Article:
The Division of Design (DOD) provides the procedures, policy, standards, guidance, technical assistance, and training needed to facilitate California transportation improvements and system integrity. The Design Program innovates design solutions by:
Seeking out and synthesizing information and customer feedback.
Causing the adoption of "best practices" and design information to promote safety, statewide consistency, efficiency and quality.
Assisting our customers in the application of design information and practices to facilitate the resolution of project development issues.
The diverging diamond interchange (DDI) is proving to be an efficient interchange configuration that can be used on the State highway system in addition to conventional interchange types provided in the Highway Design Manual. The DDI guidance is consistent with the Federal Highway Administration's technical publication, Diverging Diamond Interchange Informational Guide. The following is a summary of key concepts:
The primary difference between a DDI and a conventional diamond interchange is the design of ramp terminal intersections.
Directional crossover intersections on either side of the DDI divide and transpose the directions of local road traffic between the signalized crossover intersections.
DDIs remove left turning traffic between movements to and from the freeway facility at the signalized intersections.
DDIs accommodate pedestrians either along a walkway outside the traveled way or on a center walkway in the median.
DDIs accommodate bicyclists along a path that alternates between the outside and inside shoulders or along a shared use path within the center walkway.
Changes include definition updates, the use of project initiation documents and project reports, minor grammar and spelling corrections, corrections to figures, indexes and websites. Also included is revised guidance related to district delegation, superelevation, bridge barriers and railings, structure approach drainage and pavement transition details, roundabouts, ramp metering, pavement engineering and bicycle transportation design.
DIB 82-06 provides the most current understanding for accessibility in Caltrans public rights-of-way, per our agreement with the Federal Highway Administration. This guidance implements current State and Federal laws and regulations applicable to projects on the State Highway System. This DIB is primarily used as our accessibility design criteria for highways, but it is also used for scoping projects early in the project development process, as well as designing temporary pedestrian access routes during construction.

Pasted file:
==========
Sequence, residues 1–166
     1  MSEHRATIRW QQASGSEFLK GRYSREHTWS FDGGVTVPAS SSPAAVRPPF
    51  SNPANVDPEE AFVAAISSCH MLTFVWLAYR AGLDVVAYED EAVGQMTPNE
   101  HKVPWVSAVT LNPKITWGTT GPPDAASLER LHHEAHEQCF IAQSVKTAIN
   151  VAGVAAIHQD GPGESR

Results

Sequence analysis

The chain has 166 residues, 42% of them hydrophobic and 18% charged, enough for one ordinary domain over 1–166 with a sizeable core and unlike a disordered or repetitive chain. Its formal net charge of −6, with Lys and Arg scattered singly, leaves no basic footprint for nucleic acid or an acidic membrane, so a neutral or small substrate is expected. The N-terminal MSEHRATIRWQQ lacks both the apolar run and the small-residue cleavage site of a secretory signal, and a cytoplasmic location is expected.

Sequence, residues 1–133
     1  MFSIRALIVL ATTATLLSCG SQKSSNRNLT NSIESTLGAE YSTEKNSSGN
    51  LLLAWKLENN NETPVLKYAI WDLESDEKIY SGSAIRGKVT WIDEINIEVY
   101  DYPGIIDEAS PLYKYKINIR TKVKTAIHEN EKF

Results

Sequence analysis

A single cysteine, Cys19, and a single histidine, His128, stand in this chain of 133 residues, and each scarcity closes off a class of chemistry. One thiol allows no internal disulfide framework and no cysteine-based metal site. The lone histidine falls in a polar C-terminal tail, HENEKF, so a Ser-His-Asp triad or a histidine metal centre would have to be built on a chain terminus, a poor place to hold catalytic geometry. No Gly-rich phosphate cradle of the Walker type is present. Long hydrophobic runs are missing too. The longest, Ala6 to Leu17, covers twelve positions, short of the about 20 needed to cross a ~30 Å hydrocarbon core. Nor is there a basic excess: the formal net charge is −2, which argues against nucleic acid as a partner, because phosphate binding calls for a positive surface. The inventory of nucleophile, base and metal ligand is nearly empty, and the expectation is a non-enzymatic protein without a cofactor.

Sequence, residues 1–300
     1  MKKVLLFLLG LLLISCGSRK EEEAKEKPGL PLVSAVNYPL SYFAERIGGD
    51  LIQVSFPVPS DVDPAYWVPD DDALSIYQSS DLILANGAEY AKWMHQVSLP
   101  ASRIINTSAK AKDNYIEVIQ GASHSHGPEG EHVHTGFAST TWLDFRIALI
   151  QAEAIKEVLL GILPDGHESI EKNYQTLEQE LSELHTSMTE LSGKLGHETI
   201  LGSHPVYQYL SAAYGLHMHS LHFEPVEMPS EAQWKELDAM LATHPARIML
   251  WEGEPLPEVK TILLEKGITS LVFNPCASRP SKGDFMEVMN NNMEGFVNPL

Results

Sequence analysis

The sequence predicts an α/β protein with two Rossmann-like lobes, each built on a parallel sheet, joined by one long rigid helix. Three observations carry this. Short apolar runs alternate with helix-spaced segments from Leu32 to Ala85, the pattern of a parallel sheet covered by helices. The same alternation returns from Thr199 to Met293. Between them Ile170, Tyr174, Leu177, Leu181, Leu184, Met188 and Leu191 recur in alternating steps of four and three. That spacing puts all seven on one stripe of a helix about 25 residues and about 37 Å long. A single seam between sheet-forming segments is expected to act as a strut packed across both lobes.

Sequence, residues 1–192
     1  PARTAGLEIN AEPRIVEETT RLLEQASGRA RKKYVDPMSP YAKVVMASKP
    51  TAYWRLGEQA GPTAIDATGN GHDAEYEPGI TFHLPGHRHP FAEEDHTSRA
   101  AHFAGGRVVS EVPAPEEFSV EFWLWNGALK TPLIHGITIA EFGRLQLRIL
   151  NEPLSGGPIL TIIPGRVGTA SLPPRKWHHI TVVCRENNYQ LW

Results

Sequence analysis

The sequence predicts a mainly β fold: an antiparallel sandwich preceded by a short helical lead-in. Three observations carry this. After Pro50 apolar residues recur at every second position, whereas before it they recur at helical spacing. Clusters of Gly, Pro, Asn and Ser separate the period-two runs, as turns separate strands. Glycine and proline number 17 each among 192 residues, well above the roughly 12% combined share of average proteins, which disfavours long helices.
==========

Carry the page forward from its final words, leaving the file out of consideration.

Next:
Changes include FHWA's revision from 13 to 10 controlling criteria for design as well as revised superelevation, comfort speed, and horizontal curvature guidance from the AASHTO publication, "A Policy on Geometric Design of Highways and Streets" (2011). Also included is revised guiance related to airway-highway clearances, bridge barriers and railings, roundabouts, ramp metering, and water and resource conservation. Clarifications were included related to curb ramps and necessary highway features within the clear recovery zone as well as errata that reflect current nomenclature.
Changes reflect the reorganization of river, stream, and natural channel bank protection guidance within its own Chapter 870. New Chapter 880 has been added to focus on coastal shore and inland bank protection guidance. In addition:
New discussions on geomorphology, stream processes, bio-diversity and sustainability are included in Chapter 870.
Revised rock slope protection (RSP) guidance based on FHWA Hydraulic Engineering Circular (HEC) No. 23 has been included in Chapter 870, presenting guidelines for a range of applicatins including RSP on streams and river banks, bridge piers and abutments, and bridge scour countermeasures such as guide bank and spurs.
New Chapter 880 includes a primary focus on quantifying and mitigating exposure of coastal and inland lakes to sea level rise, storm surge, and wave action.
DIB 88 provides design guidance and procedures to improve the quality and constructability of aesthetic treatments for wall structures on the State Highway System and meet the aesthetic expectations of stakeholders.